1Trader Vic preferred to use a rhum agricole from Martinique, but I usually substitute a demerara rum, such as El Dorado. You can use any gold rum, but try to get a decent aged rum. Rhum Barbancourt is another favorite of mine.

2The go-to rum here is Appleton. I recommend either the V/X or Extra (12 Year). You can also use the cheaper Appleton Special Gold. In a pinch, Coruba or Myer's will work. (Do not use spiced/flavored rum!)

3I use Senior Curacao of Curacao or Marie Brizard. Bols works, too. You can substitute Triple Sec, but it's going to change the flavor of the drink. If you do, cut back on the sugar.

 

Most recipes call for a little less simple syrup than I use — although it should be noted that Trader Vic's Rock Candy Syrup was made with 2:1 sugar/water, so it was approximately half again as sweet as the 1:1 stuff I use. I find that I like that little extra sweetness. I don't care for drinks that are overly tart, so I decided to up the sugar a little rather than decrease the lime. (I'm still trying to stick as closely as possible to Vic's original recipe.)

Orgeat, a sweet, almond syrup with just a hint of orange flower water, is a key ingredient of this recipe, as it was in so much of the repertoire of Trader Vic and Don the Beachcomber. It adds an undercurrent of flavor to the drink that makes it taste both richer and more exotic. (If you can't find orgeat, you can substitute regular almond syrup — the kind that is used by coffeehouses, for example — but it will taste a little different.)

If you find that the Mai Tai is to your liking, I recommend that you play around with the combination of rums to find a pairing that best suits your palate. (Or, do like I do and pick a different pair of rums to suit your mood, or even at random.) As long as you don't use a flavored or spiced rum, anything should work in this drink. 

The selection of rums will, of course, be limited to what you have on hand. And if you're like most people, that won't be much. (But please invest in something other than that bottle of Bacardi you've been nipping at for the past five years.) The rum(s) you choose will change how good the final product tastes. But no matter what, it's likely to turn out "mai tai."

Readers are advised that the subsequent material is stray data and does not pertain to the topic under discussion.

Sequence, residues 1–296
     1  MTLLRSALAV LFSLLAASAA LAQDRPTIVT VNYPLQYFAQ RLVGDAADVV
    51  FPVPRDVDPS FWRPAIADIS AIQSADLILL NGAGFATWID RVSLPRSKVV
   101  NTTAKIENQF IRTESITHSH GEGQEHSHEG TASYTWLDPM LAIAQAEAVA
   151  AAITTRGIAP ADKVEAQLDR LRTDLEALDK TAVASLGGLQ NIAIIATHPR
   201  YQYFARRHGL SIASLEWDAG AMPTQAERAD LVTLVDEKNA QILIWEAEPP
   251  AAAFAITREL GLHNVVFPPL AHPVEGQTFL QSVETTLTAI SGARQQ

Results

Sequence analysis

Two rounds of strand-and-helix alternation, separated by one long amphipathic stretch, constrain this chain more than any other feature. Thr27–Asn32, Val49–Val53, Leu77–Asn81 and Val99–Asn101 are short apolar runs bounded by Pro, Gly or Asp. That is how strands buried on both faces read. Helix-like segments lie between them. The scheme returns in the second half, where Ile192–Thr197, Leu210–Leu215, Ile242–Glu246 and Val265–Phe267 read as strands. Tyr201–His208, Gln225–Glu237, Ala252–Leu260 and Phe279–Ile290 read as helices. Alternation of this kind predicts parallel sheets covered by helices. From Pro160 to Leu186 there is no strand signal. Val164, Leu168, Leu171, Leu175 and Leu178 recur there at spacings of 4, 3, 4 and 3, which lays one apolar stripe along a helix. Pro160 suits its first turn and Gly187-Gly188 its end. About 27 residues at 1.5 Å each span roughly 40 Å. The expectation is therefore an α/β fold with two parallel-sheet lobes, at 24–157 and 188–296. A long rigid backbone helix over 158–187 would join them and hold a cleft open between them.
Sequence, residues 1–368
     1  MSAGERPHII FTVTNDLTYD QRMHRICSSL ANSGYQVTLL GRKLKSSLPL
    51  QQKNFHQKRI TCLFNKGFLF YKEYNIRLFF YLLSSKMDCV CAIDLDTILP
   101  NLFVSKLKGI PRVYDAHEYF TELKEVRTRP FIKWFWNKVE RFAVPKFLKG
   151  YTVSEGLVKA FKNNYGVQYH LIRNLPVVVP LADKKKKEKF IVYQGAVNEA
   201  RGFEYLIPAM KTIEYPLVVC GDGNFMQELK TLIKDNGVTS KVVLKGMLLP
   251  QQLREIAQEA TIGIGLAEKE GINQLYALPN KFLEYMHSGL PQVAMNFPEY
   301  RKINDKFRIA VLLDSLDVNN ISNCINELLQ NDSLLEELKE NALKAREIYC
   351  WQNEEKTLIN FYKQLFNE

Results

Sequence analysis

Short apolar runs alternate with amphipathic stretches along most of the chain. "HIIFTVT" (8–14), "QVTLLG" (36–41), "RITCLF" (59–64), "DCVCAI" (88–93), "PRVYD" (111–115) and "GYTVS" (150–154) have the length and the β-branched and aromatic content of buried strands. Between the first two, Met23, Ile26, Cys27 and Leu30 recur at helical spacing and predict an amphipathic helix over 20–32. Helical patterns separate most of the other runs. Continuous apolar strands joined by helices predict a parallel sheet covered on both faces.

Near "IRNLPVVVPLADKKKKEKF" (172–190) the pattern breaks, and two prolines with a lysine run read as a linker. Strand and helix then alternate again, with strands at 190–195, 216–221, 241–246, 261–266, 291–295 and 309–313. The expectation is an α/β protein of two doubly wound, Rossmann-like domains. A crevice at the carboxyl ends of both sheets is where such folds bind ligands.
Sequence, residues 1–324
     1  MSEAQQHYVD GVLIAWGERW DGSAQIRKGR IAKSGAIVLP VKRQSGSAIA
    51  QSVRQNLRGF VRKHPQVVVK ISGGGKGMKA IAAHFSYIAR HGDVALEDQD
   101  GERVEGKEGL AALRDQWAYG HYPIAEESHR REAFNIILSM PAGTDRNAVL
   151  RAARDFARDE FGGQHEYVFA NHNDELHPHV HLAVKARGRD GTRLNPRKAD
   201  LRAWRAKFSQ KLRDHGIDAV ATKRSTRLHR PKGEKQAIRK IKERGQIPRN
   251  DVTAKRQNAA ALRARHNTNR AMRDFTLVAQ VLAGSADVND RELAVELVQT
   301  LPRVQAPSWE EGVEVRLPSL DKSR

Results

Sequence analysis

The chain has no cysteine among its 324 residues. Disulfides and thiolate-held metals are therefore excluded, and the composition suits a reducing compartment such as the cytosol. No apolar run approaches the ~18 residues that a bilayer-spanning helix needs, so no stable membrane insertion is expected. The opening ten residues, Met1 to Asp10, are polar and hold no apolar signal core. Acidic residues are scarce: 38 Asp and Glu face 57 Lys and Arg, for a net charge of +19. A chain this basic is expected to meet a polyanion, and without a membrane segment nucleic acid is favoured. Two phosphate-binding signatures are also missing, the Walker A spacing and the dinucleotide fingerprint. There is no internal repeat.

Categories
Uncategorized

About the Professor

Djm_headshot_cropped-TB

David J. Montgomery is an emeritus columnist for the Chicago Sun-Times and The Daily Beast, and has also written for many of the country’s largest newspapers, including USA Today, the Washington Post, Boston Globe, and several others.

His fiction has appeared in Thriller 2: Stories You Just Can’t Put Down, edited by Clive Cussler (Mira Books, 2009), and various online magazines. His essay on author Ross Thomas appeared in the Edgar Award-nominated collection Thrillers: 100 Must Reads, edited by David Morrell and Hank Wagner (Oceanview Publishing, 2010).

After receiving his Bachelor’s degree in Economics and Master’s degree in History, Mr. Montgomery taught U.S. History and African American History for six years at Bakersfield College.

For the past ten years, he has worked as an Event Copywriter for Goldstar, a company that helps people get out more and attend live entertainment.

In addition to this website, Mr. Montgomery writes Crime Fiction Dossier, a sporadic blog covering the world of mystery/thriller fiction and publishing, and Mystery Ink, a currently dormant book review website dedicated to the same.